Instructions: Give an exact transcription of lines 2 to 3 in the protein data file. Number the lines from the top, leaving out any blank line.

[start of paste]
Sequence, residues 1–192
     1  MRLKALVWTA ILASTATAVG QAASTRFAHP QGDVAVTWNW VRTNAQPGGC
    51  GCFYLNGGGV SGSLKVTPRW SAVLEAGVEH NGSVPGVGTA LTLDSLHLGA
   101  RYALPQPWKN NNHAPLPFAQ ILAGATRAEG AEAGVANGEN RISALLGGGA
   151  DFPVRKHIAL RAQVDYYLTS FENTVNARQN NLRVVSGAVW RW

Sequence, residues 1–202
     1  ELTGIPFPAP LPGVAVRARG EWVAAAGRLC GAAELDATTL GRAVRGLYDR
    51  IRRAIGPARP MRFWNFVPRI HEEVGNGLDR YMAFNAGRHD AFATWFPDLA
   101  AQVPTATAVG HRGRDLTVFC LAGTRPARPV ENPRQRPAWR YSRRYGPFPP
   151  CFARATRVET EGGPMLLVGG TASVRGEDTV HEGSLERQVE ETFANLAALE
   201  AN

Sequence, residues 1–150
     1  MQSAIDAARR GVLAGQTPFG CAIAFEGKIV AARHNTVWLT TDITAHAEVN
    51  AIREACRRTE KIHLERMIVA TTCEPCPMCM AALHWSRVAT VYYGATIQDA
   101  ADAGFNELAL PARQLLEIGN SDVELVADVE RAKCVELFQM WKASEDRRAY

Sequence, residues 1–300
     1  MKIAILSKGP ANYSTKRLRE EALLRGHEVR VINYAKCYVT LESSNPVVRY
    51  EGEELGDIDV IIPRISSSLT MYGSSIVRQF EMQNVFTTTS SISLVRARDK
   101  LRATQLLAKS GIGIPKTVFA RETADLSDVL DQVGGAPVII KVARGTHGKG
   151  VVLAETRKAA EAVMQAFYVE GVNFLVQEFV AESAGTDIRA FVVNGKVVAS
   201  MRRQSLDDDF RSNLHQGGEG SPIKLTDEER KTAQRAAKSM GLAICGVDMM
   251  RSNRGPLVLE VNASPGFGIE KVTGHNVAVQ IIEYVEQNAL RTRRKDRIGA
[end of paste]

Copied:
     1  MRLKALVWTA ILASTATAVG QAASTRFAHP QGDVAVTWNW VRTNAQPGGC
    51  GCFYLNGGGV SGSLKVTPRW SAVLEAGVEH NGSVPGVGTA LTLDSLHLGA